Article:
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Residency Week 1: Open Studio, “Between Us” & Setting Roots

As an emerging artist a lot of the plans I have laid out for my time here at the ABRS involve challenging my comfort zone. There are a lot of new experiments and experiences, and as exciting as that is, it can also be a bit scary. Additionally, despite the positive anticipation I have had leading up to this spring, I have also been  juggling some grief and transition in my personal and professional life. For the purposes of shedding professional sugar-coating and being real, I’m going to admit that as a result, the preparation for my transition to this new studio environment looked a little bit more like this than I would have liked:

PM+Scare+2More Polite Toothpaste for Dinner Creative Process diagram

Sources: &

(for an in-depth and relatable analysis of the procrastinator’s mind I recommend taking a look at Tim Urban’s brilliant blog post on the subject here

BUT- despite the initial panic of moving my studio and setting up, I am truly grateful to say that my first week here went, well, really well! I got by with a little help from my friends & many, many, many cups of tea. The following are a few snapshots of the week as it unfolded:

1. Setting Up a Creative Space

Setting up a Creative Space

“Beauty’s light comes up slowly and shyly along the edges of limitation, confusion, anxiety and helplessness…a spirit and atmosphere of graciousness often emerges when the human heart reaches into its own nobility and allows the destructive reaction to disappointment and hurt to open into something more healing and creative.” -John O’Donohue

2. First Open-Studio night

There were six people that came by on Thursday for open studio. It was a quiet but dynamic and diverse group- an excellent starting point for the weeks to come.

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Some participants worked on their own independent projects. Like Shawn Zinyk, who made this rad goth flower for a mental-health awareness project in association with the Art Mentorship Society of Alberta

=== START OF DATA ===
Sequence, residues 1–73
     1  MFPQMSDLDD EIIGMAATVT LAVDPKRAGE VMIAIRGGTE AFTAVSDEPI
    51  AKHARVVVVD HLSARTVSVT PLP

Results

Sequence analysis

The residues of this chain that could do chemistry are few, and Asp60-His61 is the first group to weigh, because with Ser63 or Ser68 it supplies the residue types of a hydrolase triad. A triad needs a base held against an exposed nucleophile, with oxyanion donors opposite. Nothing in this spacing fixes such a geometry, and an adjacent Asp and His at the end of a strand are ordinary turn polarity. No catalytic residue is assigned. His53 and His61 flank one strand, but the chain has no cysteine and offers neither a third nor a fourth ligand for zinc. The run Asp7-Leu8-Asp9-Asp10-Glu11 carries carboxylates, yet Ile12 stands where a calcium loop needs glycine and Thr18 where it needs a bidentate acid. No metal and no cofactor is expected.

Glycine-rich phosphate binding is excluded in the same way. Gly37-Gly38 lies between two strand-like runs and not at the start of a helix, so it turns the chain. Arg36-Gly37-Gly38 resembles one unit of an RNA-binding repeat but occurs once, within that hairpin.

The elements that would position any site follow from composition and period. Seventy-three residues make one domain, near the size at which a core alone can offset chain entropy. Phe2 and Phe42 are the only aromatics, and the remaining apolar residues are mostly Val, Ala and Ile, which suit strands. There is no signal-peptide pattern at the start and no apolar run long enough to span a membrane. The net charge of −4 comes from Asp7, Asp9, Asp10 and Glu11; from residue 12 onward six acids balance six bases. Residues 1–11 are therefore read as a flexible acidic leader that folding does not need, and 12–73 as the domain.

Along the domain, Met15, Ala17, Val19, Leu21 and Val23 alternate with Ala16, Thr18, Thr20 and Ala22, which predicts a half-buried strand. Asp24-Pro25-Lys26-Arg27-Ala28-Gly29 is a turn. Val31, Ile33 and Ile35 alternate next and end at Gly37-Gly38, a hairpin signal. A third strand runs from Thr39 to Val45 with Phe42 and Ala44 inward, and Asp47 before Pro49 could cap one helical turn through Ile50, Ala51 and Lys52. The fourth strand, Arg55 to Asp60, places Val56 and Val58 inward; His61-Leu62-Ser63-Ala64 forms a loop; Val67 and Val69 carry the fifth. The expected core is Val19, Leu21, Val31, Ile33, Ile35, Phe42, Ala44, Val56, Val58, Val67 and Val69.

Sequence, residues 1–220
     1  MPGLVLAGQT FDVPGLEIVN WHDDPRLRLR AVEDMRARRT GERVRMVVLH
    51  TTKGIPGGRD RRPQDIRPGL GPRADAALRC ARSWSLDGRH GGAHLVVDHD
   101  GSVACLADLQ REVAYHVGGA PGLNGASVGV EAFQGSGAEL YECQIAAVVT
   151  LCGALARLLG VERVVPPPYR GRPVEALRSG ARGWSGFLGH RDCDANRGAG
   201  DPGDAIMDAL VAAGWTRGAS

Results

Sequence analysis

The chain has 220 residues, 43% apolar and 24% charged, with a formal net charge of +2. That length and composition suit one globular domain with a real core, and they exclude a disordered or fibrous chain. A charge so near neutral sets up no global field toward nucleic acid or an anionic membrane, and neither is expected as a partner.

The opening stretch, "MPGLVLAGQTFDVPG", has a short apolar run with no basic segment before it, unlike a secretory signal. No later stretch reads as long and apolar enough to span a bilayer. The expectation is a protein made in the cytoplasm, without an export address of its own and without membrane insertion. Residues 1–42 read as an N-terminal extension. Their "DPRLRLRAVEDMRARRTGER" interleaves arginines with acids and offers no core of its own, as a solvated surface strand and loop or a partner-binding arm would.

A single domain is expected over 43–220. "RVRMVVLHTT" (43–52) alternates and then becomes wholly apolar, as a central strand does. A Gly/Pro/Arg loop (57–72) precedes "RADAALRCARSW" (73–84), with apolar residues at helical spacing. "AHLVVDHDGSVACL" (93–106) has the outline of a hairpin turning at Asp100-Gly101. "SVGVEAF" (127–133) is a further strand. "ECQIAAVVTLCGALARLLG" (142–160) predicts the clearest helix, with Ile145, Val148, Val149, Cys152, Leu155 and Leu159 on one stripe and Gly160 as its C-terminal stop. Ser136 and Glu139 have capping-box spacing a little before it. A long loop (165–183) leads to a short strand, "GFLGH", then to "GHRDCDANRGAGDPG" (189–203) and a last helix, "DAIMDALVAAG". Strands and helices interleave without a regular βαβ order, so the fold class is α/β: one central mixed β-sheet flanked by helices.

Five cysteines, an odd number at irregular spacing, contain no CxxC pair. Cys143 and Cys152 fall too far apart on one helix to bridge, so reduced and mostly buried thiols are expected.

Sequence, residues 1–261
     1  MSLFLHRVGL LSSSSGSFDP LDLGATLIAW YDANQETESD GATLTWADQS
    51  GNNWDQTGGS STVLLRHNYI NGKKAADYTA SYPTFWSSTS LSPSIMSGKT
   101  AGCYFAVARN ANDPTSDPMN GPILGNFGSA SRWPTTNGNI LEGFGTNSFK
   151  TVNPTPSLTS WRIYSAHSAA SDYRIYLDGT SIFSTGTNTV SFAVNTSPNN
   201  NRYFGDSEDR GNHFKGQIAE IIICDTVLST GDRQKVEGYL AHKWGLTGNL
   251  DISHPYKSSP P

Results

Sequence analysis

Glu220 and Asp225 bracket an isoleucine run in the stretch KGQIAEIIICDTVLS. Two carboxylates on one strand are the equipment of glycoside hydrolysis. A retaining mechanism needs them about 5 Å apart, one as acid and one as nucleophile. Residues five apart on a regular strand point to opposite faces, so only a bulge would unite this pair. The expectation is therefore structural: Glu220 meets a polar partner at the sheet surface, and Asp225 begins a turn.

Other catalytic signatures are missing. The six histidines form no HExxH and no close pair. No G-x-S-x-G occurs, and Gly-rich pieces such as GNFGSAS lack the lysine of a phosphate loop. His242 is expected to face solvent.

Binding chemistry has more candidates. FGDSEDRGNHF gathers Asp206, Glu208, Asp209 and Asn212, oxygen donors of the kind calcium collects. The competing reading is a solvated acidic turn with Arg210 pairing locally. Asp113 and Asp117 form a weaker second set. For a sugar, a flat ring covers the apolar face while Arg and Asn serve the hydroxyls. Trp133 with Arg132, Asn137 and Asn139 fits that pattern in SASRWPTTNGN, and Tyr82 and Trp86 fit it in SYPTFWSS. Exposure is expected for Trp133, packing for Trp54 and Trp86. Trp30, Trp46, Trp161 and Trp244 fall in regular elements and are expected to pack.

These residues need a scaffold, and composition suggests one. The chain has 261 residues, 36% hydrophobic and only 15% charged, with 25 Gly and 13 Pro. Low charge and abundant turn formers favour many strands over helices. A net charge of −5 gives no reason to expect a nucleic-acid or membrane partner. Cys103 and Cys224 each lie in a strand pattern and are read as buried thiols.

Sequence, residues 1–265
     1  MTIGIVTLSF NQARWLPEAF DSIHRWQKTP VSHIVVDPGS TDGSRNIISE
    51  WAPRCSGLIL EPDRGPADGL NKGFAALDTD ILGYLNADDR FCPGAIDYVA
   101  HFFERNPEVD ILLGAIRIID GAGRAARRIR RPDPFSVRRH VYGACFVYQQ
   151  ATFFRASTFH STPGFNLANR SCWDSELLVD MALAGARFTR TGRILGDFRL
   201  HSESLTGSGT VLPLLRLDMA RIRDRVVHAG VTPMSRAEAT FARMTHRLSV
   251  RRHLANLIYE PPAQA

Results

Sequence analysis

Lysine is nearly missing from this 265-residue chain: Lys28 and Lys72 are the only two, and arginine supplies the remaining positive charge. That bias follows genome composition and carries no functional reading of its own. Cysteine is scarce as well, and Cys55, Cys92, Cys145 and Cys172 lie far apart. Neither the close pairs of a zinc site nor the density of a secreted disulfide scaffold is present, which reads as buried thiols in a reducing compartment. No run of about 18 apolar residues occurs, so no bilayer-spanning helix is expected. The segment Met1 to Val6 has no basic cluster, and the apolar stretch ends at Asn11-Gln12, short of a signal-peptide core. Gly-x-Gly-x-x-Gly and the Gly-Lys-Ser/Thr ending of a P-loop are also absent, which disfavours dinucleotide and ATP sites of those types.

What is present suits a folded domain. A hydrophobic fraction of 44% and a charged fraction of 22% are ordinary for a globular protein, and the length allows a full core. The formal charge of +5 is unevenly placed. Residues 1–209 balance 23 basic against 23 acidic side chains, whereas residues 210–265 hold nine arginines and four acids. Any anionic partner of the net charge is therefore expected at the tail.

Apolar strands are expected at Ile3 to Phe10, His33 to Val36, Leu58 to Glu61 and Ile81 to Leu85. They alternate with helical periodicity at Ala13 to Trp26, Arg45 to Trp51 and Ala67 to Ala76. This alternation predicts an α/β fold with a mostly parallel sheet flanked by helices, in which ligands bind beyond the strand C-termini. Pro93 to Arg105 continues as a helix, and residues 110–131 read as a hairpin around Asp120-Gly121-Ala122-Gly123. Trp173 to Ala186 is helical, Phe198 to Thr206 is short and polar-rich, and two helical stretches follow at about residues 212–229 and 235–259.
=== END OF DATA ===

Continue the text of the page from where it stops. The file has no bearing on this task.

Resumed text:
Art tiles
At our first weekly open studio we had a lot of fun making art tiles with prompts from this modified book on Greek mythology, then from the imagination

3. “Between Us”

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One great thing about being on campus is it allowed us to easily investigate & appreciate the nearby UofA BFA graduation exhibit, “Between Us”. All in all, congrats class of 2017, you put on a great show!

I’m not going to dig too deeply into this today (though I would like to in the future, there were some really powerful pieces!), but I will briefly highlight a couple works that really caught my eye.

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“The Man Behind the Curtain” (2017), Video Installation by Michael McInnis

“during a recent trip to the drug store the cashier asked if I was doing okay on account of what I was purchasing”…

This piece hit me right in the gut. Kind of reminiscent of Jenny Holzer, whose work has been known to do the same…She too has worked with bold text to bring small, intimate, vulnerable moments or thoughts right “up in your face”. It is just so simple yet painfully real.

For this piece, the text was screen-printed  onto the shower curtain with a water-based ink. McInnis then showered using the curtain, and filmed the process which was then projected back onto the curtain for the installation. So many luscious layers of significance in all this.
In his artist statement he writes:
“I seek to transform relatively inconsequential personal anecdotes into ambiguous, emotionally-charged narratives. In doing so, I am attempting to navigate the tension between a desire to withdraw in the when confronted with shame and guilt, and the necessity of being visible in order to participate in contemporary society.”
Definitely going to be chatting more with this artist.


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From the “Outfitter” Series by Mitchell Chalifoux (2017)

In this series artist Mitchell Chalifoux recreated classically masculine garments with knit yarn, working to reclaim femininity & feminist masculinities. He writes:

“My work is a search for new masculinities. I use vulnerability and self-criticality of my identity as a way to build emotional awareness, self-support, and tenderness for others and myself. I place my self and my body in scenes of scrutiny where I can question my own privileged position, while being aware of its faults, and support it in new productive ways.”
It was awesome to see another artist working with fibre to explore themes of vulnerability and identity, but in a completely different way from myself.

4. Settling into some quiet studio time

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Some time alone in the studio allowed me to play a bit in my sketchbook with imagery from a previous life drawing session with a phenomenal Vancouver-based Dance Artist and friend of mine

All in all I feel like the week has set me off to a good start and I am feeling enthusiastic about the research and events to come.


This String Portrait Project  is supported by the Edmonton Arts Council and the City of Edmonton.

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